June 28, 2023
By Barrie Charapp Beaty
Despite years of preaching on the subject, we still have dealers tell us they must sign their franchise renewal agreements before expiration of the existing agreements (known as franchise agreements or dealer sales and service agreements – DSSA) or they will lose their rights. That is not the case.
Refusing to Sign Your Renewal does not End Your Franchise Rights
That a franchise agreement expires is one of the great myths of the car business. Franchisors rely on this myth to pressure dealers to sign agreements that do not benefit them. The fact: your DSSA does not expire.
Under the law of every state, regardless of a listed expiration date, a DSSA may be terminated only against the wishes of the dealer if the franchisor goes through a termination process. In a termination proceeding, a franchisor must prove there is good cause for a decision maker to conclude that a dealer’s lack of performance or failure to comply with its obligations is so severe that its right to continue in business should be ended.
If there are terms in the replacement DSSA tendered to you with which you do not agree, do not sign it under the belief that your existing agreement is expiring. It is not. You can simply continue under your existing agreement terms until it is replaced with a document to which you do agree. You will get unrelenting pressure to sign a new agreement because factory reps are judged by their ability to check off the tasks they are assigned regarding each dealer. But your refusal to sign will give you leverage to work out terms with which you can live.
Full or Term Agreement
A term agreement is one for a limited duration so a dealer can meet conditions imposed. Some dealers become upset when they receive term renewals, but the fact of a term renewal should not distress you. As we discussed, a franchisor cannot terminate a dealer’s DSSA unless it goes through a full termination process even if the artificial expiration date of the term agreement passes.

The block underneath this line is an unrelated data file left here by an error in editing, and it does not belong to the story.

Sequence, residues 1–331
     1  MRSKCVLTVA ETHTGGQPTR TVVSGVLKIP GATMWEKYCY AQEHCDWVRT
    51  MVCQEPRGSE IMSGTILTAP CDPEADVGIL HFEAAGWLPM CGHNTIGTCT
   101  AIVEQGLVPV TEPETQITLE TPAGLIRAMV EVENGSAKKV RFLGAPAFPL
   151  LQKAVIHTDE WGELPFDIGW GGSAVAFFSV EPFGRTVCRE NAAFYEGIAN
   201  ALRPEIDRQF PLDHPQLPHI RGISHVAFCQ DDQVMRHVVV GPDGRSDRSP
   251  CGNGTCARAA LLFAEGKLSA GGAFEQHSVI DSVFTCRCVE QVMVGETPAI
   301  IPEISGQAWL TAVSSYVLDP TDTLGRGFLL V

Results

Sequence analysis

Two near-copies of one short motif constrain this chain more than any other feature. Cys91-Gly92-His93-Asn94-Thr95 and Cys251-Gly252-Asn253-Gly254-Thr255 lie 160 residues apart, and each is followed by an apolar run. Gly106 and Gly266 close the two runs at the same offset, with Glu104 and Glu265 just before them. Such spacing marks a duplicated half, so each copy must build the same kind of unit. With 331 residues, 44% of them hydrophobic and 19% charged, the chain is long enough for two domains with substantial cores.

The problem with a term agreement is the conditions imposed. Evaluate the conditions specific to your dealership in a term agreement as you would any other agreement tendered to you by the factory. If it works for you, there is no detriment to simply having a term agreement. But if the conditions of the term agreement do not work for you, engage your franchisor to negotiate the terms specific to your dealership.
What Are The Problems With The Conditions Imposed?
You must identify the condition or conditions to which you object. Here are examples.
Is your manufacturer saying you are undercapitalized? You must give serious attention. Undercapitalization can be a problem for a dealer in a termination proceeding. The franchisor’s position will be that a dealer’s failure to properly capitalize the business shows continuing weakness and poor representation of the brand. Work to meet the proper capitalization goals in your DSSA.
Your tendered term agreement may require that you make facilities changes. Perhaps they are improvements to your showroom. Or an increase in service capacity. Or separation of service or sales from another brand with which you are dualed. Or even a new building. Do not commit to undertake facility improvements lightly. Do the improvements work for you? A franchisor can incentivize you to make facility improvements through a program. However, under state franchise law, it may not require you to make facility improvements as a condition to your continuing as a franchisee.
Even if you agree that you will make some or all the improvements, are the terms imposed appropriate? Franchisors are notorious for imposing time restraints that are both unreasonable and unnecessary. Factories seldom have reasons for requiring facility improvements by a date certain, except to meet their internal targets. Often, the real reason for unreasonable and unnecessary targets is leverage on a dealer. When you do not make your targets, the factory can make demands, sometimes greater than the original requirements. Review the terms and milestones imposed on you for improvements. Can you make those? Is there time for delays outside of your control such as zoning and permitting? Is there allowance for delays by the franchisor’s own architect if there is a review process? Is there a commitment to factory leeway for a delay outside your control? Even if you will undertake the improvements the franchisor wants, are the time constraints appropriate?
If the condition on your renewal concerns your sales performance or CSI, refer to the franchisor critical response checklist included with this newsletter. Respond. Let the factory know that you are giving attention to the issue, and any attempt to use it affect the dealership’s franchise rights will be met with swift, knowledgeable, and effective opposition. Negotiate terms of the condition. Remember, you are never in default on your dealer agreement obligations unless a decision maker with jurisdiction over you says so.
Do not be Afraid to Negotiate the Terms of the Renewal Document
While the form of a manufacturer’s agreement is not negotiable, the specific terms applicable to your dealership are. If unfavorable, be prepared to raise the issues with the factory and negotiate them as part of your renewal. If your factory representative labels you as a difficult dealer, point out the factory is changing your relationship, not you.